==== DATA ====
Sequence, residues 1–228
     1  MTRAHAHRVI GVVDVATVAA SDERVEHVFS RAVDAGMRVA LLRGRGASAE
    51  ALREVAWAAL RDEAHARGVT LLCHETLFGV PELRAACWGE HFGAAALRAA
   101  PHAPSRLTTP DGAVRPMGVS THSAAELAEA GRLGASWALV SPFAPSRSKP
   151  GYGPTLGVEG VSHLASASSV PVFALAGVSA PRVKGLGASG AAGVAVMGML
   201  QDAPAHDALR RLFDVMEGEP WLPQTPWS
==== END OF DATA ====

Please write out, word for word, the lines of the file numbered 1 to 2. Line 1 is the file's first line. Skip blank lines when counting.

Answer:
Sequence, residues 1–228
     1  MTRAHAHRVI GVVDVATVAA SDERVEHVFS RAVDAGMRVA LLRGRGASAE